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brian redz
Gears song “Don’t Be Afraid to Pogo” off their 1980 studio album is also the name of their 2015 feature length documentary telling the story of the band.

In Ashley Anderson’s home, punk rock was the soundtrack of family life.

That was thanks to Ashley’s father, Brian “Redz” Anderson, a member of The Gears who were “one of the best late-70’s punk bands” to come out of southern California.

“His hair was red, that’s how he got his stage name Redz”, Ashley said.

Brian’s punk moniker inspired Ashley’s kidney cancer fundraiser “Run for Redz”. She’ll be running a half marathon to honor her father’s 4-year journey with stage IV kidney cancer. Ashley met her initial $10,000 fundraising goal in December 2021 – a massive goal that Ashley was happy her dad got to witness, as Brian passed away in January 2022 because of his diagnosis.

In the year before he passed, Brian’s treatment options began diminishing. He, Ashley, and the rest of the family had carefully researched kidney cancer and the types of treatments available. Brian had participated in a clinical trial, though he had to withdraw eventually. Immunotherapies are some of the most promising kidney cancer treatments in the past decade, however, Brian had rheumatoid arthritis, an autoimmune condition, which made immunotherapy a more difficult treatment option.

“He was actively involved in his treatment plan…but it’s been difficult to find other trials in our area,” Ashley said. “I started this fundraiser for my dad. Kidney cancer needs more funding for new treatments, treatments that cause fewer side effects, and more methods for early detection. I’ve witnessed it with my dad. I want better for kidney cancer patients.”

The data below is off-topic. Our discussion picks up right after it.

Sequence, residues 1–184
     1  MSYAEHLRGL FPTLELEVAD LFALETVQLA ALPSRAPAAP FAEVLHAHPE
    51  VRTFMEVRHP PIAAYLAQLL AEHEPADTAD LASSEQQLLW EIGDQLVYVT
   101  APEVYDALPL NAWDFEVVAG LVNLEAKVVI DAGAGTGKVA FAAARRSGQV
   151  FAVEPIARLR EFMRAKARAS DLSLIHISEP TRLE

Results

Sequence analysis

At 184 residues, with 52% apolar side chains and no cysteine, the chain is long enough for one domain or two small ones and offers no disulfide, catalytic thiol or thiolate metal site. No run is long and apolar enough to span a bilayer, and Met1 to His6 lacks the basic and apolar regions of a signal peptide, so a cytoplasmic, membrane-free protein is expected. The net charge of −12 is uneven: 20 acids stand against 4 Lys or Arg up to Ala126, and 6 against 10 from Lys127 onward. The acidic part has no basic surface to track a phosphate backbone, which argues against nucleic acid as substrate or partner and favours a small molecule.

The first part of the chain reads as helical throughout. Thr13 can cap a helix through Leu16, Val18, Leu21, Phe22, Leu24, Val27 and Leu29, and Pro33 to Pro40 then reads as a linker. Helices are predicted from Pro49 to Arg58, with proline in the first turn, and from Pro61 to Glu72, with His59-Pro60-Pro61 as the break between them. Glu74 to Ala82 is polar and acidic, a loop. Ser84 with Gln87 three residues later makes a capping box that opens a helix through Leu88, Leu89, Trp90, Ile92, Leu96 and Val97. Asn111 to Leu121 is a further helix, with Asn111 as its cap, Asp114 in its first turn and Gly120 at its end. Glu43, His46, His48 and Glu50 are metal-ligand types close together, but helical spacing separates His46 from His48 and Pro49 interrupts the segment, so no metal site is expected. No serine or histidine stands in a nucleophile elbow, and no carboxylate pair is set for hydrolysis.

Since her father’s passing and because of how successfully she reached her initial fundraising goal, Ashley increased her goal to $15,000, for which she has pledged to run the Grateful Dad Half Marathon taking place in Portland, Oregon on June 18, 2022 – Father’s Day weekend.

“I want to go big,” she said. “I like the tie-in to Father’s Day. June is far away but I didn’t see a reason to delay raising funds. It’s still a drop in the bucket in terms of the amount needed for actionable change, but kidney cancer is not stopping.”

Ashley took some key steps that helped her meet her initial fundraising goal:

  • Crafting a fundraiser using her personal story and family photos to clearly articulate her goal, what she planned to do, and who she was doing it for;
  • Sharing her fundraiser widely on her social media channels and then reaching out directly to family and friends to both encourage donations and to share her post with others;
  • Reaching out to special groups that mean a lot to her and her father, like other runners and her father’s music community.

Contextualizing how contributions help was also useful.

“What seems to stop some people from donating is thinking it needs to be something big. But it doesn’t need to be! For example, if someone wanted to pledge $1 per mile I’m running, that’s $13 and then they’re on that journey with me,” Ashley said.

Ashley Anderson with her dad Brian “Redz” Anderson.

“It’s so encouraging to see people get passionate about the fundraiser, especially if cancer touched their lives.”